Treasury debt prices plunged on Friday after a much stronger reading on the labor market suggested the Federal Reserve might not need to cut interest rates later this month.
The economy generated 110,000 new jobs last month and a previously reported August contraction was revised away to show a gain of 89,000, effectively reversing the trend that many believe pushed the central bank over the edge on rates.
Short-dated bonds, which are most sensitive to monetary policy expectations, were the hardest hit. Two-year notes tumbled 7/32 in price for a yield of 4.10 percent, up an impressive 13 basis points from Thursday.
The bond market is down because the economy still looks pretty healthy, said Gary Thayer, chief economist at A.G. Edwards & Sons. Some traders may think that this will keep the Fed on the sidelines, but it doesn't take them out of the picture. Housing is still weak.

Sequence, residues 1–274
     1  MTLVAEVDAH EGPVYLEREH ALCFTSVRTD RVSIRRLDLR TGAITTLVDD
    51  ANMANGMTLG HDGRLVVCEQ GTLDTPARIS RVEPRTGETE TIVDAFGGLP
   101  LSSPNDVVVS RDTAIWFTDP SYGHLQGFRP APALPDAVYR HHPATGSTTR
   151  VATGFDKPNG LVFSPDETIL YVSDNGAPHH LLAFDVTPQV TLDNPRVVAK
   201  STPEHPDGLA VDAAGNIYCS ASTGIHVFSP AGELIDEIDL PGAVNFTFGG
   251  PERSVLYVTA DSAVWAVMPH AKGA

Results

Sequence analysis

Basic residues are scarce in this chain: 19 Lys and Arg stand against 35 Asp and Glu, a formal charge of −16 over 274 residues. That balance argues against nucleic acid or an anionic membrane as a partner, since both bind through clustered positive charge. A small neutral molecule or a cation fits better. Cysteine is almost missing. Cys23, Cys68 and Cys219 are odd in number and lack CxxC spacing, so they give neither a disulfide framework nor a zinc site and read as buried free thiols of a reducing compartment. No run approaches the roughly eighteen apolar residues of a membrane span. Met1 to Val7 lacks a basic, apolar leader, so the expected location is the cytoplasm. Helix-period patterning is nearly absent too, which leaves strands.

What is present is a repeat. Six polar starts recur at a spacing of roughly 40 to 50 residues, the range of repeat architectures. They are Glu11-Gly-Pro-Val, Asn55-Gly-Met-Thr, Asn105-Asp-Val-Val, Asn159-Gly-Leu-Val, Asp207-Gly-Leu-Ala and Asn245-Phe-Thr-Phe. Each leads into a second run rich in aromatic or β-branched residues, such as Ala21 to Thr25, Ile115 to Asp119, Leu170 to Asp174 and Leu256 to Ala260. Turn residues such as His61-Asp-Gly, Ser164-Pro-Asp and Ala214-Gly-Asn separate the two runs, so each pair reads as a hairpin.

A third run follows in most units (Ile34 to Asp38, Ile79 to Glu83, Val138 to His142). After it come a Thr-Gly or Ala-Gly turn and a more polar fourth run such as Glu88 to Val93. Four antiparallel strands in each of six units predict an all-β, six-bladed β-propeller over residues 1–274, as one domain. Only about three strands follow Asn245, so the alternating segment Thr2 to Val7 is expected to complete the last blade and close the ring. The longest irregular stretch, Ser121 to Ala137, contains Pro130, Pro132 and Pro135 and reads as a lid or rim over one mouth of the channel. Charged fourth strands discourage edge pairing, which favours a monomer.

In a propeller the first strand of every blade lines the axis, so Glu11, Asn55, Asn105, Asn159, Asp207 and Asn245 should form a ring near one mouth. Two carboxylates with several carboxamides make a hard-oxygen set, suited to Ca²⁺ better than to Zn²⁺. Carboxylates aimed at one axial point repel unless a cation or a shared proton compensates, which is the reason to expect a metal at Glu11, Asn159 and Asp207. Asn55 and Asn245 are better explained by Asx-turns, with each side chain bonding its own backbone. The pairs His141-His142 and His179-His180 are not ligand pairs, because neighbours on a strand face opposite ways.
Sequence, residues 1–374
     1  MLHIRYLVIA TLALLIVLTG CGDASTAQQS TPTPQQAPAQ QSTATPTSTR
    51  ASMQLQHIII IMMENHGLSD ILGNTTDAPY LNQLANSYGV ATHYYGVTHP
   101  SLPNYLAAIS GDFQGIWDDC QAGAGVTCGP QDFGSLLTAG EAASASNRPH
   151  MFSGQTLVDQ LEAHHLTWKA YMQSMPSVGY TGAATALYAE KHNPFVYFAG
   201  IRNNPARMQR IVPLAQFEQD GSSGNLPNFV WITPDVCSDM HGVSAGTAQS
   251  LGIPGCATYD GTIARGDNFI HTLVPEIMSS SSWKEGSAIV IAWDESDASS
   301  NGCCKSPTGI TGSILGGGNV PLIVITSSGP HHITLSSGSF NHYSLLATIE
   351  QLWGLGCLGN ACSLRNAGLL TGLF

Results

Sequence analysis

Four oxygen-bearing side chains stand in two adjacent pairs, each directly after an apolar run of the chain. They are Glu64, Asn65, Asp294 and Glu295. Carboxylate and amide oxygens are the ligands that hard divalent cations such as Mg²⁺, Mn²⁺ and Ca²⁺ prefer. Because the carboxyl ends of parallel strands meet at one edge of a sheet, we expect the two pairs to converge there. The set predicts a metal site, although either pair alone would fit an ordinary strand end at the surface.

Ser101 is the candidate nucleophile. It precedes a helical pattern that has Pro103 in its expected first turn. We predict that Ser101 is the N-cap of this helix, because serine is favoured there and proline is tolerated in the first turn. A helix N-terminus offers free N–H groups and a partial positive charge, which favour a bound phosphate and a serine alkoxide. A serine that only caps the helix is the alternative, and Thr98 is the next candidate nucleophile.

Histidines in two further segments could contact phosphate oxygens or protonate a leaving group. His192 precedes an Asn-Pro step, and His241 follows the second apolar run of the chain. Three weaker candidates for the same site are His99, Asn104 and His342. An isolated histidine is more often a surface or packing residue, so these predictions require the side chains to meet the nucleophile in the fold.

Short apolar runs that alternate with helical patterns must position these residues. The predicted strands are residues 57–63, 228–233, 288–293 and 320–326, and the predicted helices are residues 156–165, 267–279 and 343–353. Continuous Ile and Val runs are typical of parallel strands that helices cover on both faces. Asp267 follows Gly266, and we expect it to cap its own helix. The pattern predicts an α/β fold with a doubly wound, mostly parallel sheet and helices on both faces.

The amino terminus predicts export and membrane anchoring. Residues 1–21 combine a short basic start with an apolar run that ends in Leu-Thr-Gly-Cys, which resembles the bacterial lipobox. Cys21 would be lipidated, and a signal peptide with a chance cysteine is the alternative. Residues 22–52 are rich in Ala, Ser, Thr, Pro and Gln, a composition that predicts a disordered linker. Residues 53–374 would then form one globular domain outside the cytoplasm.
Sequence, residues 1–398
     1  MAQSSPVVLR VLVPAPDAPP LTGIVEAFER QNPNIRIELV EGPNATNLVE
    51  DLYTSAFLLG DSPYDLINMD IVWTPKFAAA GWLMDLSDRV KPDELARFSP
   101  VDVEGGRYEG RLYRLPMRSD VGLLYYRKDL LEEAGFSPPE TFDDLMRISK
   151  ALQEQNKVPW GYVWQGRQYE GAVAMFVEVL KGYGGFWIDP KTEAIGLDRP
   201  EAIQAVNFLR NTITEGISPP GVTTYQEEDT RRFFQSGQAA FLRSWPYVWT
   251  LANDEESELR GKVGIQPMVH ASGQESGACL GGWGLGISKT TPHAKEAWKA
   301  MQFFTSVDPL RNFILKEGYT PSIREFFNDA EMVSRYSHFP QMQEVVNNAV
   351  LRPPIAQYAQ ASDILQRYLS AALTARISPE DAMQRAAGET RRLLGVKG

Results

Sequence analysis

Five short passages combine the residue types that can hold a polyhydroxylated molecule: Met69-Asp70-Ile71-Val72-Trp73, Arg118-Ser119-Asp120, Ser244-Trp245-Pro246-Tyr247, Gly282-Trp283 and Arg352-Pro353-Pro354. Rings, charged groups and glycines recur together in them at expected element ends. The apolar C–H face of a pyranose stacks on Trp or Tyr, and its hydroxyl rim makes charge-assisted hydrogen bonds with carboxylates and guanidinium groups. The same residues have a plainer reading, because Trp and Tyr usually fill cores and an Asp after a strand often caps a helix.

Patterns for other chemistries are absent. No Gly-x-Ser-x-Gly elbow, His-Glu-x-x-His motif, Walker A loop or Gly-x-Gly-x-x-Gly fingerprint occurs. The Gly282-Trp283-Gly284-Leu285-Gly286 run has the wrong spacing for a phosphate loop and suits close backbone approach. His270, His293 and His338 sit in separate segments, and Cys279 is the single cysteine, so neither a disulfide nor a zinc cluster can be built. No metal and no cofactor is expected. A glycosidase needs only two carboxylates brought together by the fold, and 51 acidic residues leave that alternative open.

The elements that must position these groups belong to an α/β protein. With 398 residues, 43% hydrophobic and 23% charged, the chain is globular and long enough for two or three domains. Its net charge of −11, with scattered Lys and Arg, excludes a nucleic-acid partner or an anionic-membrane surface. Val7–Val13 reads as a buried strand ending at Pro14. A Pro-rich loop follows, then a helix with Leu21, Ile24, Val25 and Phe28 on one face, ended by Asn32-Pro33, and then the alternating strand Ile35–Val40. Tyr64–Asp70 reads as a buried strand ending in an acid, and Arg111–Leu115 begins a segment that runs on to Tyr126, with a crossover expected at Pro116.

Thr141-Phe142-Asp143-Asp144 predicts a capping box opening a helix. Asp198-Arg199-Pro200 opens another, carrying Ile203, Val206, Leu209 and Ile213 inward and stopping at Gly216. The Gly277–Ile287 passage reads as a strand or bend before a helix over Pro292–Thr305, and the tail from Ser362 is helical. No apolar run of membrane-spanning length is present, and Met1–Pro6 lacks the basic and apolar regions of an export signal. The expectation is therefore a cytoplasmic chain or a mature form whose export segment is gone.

Futures markets were now split down the middle regarding the chances of an October rate cut.
Those who believed the Fed would still move pointed to the unemployment rate, which rose to 4.7 percent. This indicated that inflation pressures from the labor market were scant, although a larger-than-expected rise in average hourly earnings would not comfort policy officials.
Still, the bond market has been setting up for a serious deterioration in economic growth. The jobs number, while not spectacular, was hardly recessionary.
Adjusting to this new reality, benchmark 10-year notes dived 19/32 in price for a yield of 4.59 percent, up from 4.52 percent.